(1985). Our group (Krausz et al., 2000) has reported
integration. Items are to be endorsed on a six-point
evidence that conventional neuroleptic dosage was
Likert scale. For the present analysis, only items from
signiﬁcantly correlated with subjective cognitive deﬁ-
the subscale ‘mental functioning’ were submitted for
analysis (example: ‘my thinking is diﬃcult and slow’).
The aim of the present study was to investigate
Higher scores in the SWN correspond to greater well-
whether atypical (clozapine, risperidone, olanzapine)
and conventional agents have similar dose-relatedeﬀects on self-report neurocognitive functioning. It ishypothesized that patients receiving higher doses ofconventional antipsychotics display decreased neuro-
Table 1 displays the sociodemographic and psycho-pathological background variables of the four samples.
Since no admission scores were determined for patients
and groups largely diﬀered regarding several back-
ground variables (Table 1), SWN-diﬀerences at dis-
A total of 207 schizophrenic patients were enrolled in
charge do not allow for diﬀerential interpretation.
the study. Recruitment was carried out in two diﬀerent
clinical settings. Patients on risperidone (n=26) and
Po0.001), no other psychopathological or sociodemo-
olanzapine (n=40) took part in a medication study
graphic variable (e.g. gender, age, length of illness)
with random medication assignment following a wash-
correlated with the SWN subscale ‘mental function-
out period of at least 3 days, whereas patients on
Partial correlations controlling for psychopathology
(n=106; predominantly haloperidole and ﬂupenthix-
(overall PANSS symptoms) revealed a signiﬁcant
ole) were assessed in a naturalistic clinical design.
negative correlation between dosage of conventional
Informed consent was obtained from all patients.
Patients were naive to the hypotheses of the study.
P=0.038). No signiﬁcant relationships emerged for
Data was collected shortly before discharge. All
clozapine (r=0.22) and olanzapine (r=À0.10). In the
42 International Clinical Psychopharmacology 2002, Vol 17 No 1
NEUROLEPTIC DOSAGE AND SUBJECTIVE COGNITIVE DYSFUNCTION
Table 1. Sociodemographic and psychopathological characteristics of the samplesa
Sociodemographic variablesAge (SD) (years)
(atypical agents) orchlorpromazine equivalentdosesLength of current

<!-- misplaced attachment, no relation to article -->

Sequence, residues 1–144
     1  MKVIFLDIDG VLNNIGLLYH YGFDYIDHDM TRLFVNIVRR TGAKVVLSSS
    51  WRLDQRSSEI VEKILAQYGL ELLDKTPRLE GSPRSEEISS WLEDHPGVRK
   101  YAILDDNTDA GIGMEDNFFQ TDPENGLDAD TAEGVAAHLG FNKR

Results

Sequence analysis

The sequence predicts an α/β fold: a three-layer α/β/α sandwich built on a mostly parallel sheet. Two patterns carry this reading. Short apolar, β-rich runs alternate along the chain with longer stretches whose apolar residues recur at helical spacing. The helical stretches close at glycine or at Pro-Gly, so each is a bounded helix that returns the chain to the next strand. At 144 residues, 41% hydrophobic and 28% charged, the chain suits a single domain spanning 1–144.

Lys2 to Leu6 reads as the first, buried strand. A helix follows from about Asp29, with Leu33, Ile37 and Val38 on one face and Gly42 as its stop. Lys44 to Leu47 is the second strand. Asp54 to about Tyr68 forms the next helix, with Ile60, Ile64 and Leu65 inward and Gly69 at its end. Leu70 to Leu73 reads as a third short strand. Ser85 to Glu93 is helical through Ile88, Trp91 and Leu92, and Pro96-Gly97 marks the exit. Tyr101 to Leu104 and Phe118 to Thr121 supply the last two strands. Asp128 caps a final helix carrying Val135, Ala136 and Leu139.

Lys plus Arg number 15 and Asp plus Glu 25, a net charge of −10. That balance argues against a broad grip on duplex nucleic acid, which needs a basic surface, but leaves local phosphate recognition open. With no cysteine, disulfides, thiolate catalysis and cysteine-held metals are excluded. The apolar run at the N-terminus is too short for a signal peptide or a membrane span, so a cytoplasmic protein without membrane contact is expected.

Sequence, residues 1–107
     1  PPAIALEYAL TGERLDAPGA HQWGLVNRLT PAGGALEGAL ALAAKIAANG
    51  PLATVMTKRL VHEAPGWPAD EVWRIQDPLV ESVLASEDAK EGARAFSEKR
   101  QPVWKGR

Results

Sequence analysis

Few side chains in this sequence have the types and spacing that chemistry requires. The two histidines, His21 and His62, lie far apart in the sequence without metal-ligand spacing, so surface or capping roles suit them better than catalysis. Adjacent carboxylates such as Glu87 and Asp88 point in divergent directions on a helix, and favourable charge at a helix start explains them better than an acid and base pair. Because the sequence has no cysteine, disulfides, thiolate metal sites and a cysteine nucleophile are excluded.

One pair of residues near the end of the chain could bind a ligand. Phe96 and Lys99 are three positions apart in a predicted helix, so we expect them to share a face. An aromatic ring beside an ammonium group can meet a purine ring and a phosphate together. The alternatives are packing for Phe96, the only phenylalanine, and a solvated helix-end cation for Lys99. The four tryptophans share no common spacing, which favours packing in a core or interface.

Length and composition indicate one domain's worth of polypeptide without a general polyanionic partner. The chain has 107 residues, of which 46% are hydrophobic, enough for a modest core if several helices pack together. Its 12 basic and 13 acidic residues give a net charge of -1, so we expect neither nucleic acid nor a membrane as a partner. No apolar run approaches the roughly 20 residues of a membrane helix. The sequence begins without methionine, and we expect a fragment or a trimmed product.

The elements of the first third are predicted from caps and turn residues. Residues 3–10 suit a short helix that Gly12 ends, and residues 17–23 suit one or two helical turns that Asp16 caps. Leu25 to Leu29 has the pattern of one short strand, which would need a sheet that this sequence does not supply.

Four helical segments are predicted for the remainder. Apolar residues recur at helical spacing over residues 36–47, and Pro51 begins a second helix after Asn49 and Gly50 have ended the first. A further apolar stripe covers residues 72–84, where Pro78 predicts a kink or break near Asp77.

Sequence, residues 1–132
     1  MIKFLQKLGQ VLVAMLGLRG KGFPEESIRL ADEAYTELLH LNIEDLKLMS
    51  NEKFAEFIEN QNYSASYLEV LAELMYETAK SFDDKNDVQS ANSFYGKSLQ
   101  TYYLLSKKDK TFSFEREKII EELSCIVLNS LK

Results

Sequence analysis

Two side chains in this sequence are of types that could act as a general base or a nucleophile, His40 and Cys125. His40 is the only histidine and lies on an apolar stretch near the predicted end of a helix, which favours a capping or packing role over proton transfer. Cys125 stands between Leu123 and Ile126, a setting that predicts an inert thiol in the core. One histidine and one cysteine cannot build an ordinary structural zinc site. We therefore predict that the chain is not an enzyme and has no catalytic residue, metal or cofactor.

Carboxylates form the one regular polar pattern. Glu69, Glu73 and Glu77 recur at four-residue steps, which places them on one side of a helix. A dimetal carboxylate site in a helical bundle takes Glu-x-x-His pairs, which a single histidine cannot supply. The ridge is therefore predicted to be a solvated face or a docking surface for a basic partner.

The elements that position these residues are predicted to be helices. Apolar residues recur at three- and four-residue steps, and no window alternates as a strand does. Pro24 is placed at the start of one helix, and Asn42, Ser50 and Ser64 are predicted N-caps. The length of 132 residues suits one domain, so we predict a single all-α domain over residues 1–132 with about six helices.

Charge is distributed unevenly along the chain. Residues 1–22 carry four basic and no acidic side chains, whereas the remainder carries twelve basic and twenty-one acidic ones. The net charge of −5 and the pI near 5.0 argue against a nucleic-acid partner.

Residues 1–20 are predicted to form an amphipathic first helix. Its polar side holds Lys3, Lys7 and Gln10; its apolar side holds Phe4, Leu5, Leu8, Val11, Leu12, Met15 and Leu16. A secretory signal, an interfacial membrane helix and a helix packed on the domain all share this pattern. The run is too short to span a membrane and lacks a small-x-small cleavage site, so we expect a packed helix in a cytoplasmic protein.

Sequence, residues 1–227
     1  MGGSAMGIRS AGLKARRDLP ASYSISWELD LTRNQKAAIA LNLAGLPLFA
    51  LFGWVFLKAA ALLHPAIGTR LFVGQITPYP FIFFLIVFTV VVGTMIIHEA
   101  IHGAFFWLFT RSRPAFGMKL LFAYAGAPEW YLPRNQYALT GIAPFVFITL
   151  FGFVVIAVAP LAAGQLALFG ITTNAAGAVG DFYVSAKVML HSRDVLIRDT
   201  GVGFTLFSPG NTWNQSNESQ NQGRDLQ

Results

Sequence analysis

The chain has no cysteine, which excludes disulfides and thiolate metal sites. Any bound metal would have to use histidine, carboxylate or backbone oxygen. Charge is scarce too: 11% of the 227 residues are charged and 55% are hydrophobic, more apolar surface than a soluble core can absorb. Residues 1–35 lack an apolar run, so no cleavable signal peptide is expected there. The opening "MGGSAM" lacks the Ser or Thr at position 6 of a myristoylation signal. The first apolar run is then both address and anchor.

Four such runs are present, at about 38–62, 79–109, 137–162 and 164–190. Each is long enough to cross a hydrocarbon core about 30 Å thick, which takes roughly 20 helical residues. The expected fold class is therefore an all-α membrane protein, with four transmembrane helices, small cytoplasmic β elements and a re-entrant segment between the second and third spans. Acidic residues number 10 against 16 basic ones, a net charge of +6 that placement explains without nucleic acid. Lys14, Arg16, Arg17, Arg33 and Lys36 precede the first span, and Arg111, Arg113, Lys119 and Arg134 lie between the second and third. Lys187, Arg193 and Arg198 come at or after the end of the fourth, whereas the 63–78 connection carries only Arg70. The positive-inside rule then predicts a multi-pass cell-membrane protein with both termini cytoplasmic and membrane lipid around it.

hospitalization (days)Length of illness (years)
aDue to di¡erences in the clinical setting, no group comparisons were conducted.
case of risperidone, a signiﬁcant positive partial
emerged. For risperidone and clozapine, positive
correlation was detected (r=0.49, P=0.015).
correlations were measured. However, no group
Since the primary aim of the study was to investigate
diﬀerences occurred after division into low and high
the impact of higher doses of neuroleptics on subjective
cognitive functioning, samples were split into high and
The present results indicate that when high neuro-
low dosage groups. The high dosage groups were
leptic doses are clinically necessary, atypical rather
deﬁned as typical agents: at least 400 mg chlorproma-
than conventional neuroleptics should be prescribed
zine; equivalent doses: risperidone, at least 6 mg;
because medication-induced deﬁcits are more likely to
clozapine, at least 400 mg; olanzapine, at least 15 mg.
appear under conventional agents. It is also important
No signiﬁcant diﬀerences between low and high dosage
to note that anti-Parkinson by-medication, which is
patients emerged for atypical agents (all P40.2).
more often prescribed in conventional than atypical
Patients receiving high typical doses (n=21) showed
neuroleptics, has also been found to induce objective
13.28 (SD 4.5) points on the SWN-subscale relative to
and subjective deﬁcits (Sweeney et al., 1991; Krausz
16.91 (SD 4.5) in the low dosage group (n=81; t=3.31:
Po0.001). The diﬀerence remained highly signiﬁcant
More research is needed to conﬁrm the present
after controlling for overall PANSS symptoms in a
results before any deﬁnite conclusions can be drawn.
First, only a restricted set of cognitive functions wasassessed that may best be referred to as subjective‘mental ﬂuency’. Second, the dose range in patients
medicated with atypical agents was rather narrow. Itcannot be entirely ruled out that higher doses of
The focus of the present study was to explore the
atypical neuroleptics may lead to diﬀerent results.
impact of neuroleptic dosage on subjective cognitive
Therefore, our conclusions are limited to the dose
deﬁcits as indexed with the SWN subscale ‘mental
ranges investigated. Subsequent research should in-
functioning’. The ﬁndings replicate and extend pre-
vestigate if the present ﬁndings hold true for objective
vious studies reporting cognitive decline under higher
tasks, other atypical agents, wider dose ranges and
doses of conventional neuroleptics (Krausz et al., 2000;
subjective rating scales that cover a greater number of
Sweeney et al., 1991). Small but signiﬁcant inverse
correlations emerged between conventional neurolepticdosage and cognitive dysfunction as assessed with theSWN. When the sample treated with conventional
neuroleptics was divided into high and low dosage
The authors would like to thank V. Aderholt, R.
patients, a highly signiﬁcant between-group diﬀerence
Basdekis, P. Briken, E. Gottwalz, C. Haasen, A.
was obtained regarding SWN scores. With respect to
Karow, M. Lambert, C. Perro, L. Nika, I. Scha¨fer
and O. Yagdiran (PERSIST Study Group).
International Clinical Psychopharmacology 2002, Vol 17 No 1
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cognitive processes: eﬀects on perseverationDimitri van der Linden a,b,*, Michael Frese a,1,a Work and Organizational Psychology, University of Amsterdam, Roetersstraat 15,b Work and Organizational Psychology, University of Nijmegen, Montessorilaan 3,c Experimental and Work Psychology, University of Groningen, Grote Kruisstraat 2/1,Received 4 June 2002; received in revised form 19 November